Archiving Software Buying Guide

Storage Archiving Software Buying Guide:

Archiving Software Buying Guide

Some data archives are little more than "dumb" disk arrays, but the more sophisticated archives provide data deduplication for single instance storage, robust power conservation features, and immutability for data that may be needed as evidence in litigation. What criteria must a storage administrator consider to evaluate products associated with data archiving initiatives?

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  • CAS platforms

    Content-addressed storage (CAS) is a specialized type of archive that provides the inexpensive and high-capacity storage needed to retain data that, although accessed infrequently, still has long-term relevance to the enterprise. More importantly, CAS provides immutability to data stored in fixed locations on disk (the content address). CAS has become indispensable for organizations concerned with litigation and compliance, and this chapter will list the criteria for purchasing CAS systems.

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  • Email archiving

    The main goal in evaluating email archiving products is to examine their feature sets and their hardware requirements, then select the product that best addresses the data compliance requirements of your organization, as well as its individual exposure to litigation.

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  • Index and search software

    Even though archived data may have been unused for years, it must be located quickly when needed to address critical business issues like discovery requests or regulatory compliance audits. Consequently, index and search products have emerged as essential enterprise tools. Indexing creates catalogs of file content based on the metadata applied to content as it is stored. Search combs through indexes, comparing criteria against metadata and presents results to the user.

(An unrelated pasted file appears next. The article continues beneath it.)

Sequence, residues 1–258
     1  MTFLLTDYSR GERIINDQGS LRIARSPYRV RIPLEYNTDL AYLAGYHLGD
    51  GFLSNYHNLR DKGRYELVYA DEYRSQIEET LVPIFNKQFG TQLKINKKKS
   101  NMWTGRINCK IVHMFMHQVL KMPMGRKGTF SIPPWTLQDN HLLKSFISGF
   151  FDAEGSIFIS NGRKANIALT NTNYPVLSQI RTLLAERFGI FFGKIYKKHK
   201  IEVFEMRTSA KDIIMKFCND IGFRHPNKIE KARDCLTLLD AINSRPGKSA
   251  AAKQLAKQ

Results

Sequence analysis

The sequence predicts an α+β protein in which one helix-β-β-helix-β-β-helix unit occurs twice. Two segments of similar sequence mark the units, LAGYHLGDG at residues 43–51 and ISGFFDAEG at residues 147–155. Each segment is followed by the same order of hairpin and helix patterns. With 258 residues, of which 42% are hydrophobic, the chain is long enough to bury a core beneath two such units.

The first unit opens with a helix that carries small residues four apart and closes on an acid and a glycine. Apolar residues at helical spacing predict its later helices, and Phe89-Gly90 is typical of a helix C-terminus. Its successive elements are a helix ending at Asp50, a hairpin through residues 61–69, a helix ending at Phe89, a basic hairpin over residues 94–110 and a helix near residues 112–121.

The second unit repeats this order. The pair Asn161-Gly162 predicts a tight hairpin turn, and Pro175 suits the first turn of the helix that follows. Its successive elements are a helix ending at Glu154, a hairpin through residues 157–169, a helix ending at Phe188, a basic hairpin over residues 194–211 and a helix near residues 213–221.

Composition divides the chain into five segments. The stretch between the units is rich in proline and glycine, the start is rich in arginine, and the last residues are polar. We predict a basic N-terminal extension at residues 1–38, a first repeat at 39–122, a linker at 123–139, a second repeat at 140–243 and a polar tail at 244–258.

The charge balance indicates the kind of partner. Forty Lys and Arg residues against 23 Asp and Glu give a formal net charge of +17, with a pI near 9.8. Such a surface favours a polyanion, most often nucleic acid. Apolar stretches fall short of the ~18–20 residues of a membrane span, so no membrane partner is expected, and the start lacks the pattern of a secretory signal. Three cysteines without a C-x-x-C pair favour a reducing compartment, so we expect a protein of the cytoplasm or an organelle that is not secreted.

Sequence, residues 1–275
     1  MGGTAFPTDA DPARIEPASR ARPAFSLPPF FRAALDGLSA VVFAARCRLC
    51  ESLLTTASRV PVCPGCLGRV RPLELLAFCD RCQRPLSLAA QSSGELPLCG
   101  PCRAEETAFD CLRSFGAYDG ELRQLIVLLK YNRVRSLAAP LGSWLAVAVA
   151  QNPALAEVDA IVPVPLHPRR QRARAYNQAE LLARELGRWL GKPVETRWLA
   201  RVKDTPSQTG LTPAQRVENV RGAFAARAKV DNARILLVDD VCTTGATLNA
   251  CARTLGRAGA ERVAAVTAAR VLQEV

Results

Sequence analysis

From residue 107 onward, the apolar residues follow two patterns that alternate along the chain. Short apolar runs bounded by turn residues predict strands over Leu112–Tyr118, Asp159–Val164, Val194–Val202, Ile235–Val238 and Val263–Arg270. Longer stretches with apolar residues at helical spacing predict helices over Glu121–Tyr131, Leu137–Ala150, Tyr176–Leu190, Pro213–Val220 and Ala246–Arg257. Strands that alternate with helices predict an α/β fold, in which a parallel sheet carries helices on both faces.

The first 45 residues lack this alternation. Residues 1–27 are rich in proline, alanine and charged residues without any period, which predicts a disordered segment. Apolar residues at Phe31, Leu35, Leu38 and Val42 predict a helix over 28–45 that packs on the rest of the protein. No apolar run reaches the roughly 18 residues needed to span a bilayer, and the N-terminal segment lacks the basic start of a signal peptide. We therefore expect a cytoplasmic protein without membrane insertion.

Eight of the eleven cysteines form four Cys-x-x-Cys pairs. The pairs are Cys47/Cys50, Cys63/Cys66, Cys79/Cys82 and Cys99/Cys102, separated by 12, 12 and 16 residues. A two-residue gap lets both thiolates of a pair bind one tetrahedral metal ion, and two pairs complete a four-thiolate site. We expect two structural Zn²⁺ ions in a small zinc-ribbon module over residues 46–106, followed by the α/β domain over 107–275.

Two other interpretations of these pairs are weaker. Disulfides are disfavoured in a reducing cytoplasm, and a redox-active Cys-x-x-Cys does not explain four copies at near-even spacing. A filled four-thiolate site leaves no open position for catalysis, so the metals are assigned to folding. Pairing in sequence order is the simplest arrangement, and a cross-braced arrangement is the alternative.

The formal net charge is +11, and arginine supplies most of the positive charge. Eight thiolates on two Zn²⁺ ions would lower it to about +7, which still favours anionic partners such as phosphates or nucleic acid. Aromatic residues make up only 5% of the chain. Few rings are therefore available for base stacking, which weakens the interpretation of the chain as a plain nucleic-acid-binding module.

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  • Policy manager software

    Storage has no intrinsic knowledge of what it's storing -- a storage system does not understand the relative importance of data to the enterprise. Policy manager software (policy managers) provides the guidelines that dictate which data to store, where to store it, when to move it and, finally, when to dispose of the data once it's aged.

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  • Selecting an archiving product

    Data archives have become a core element of the storage infrastructure. Archives today have two purposes: They hold a vast spectrum of data that does not require frequent access, and they ensure that more relevant data is retained (and then deleted) to meet regulatory compliance needs.

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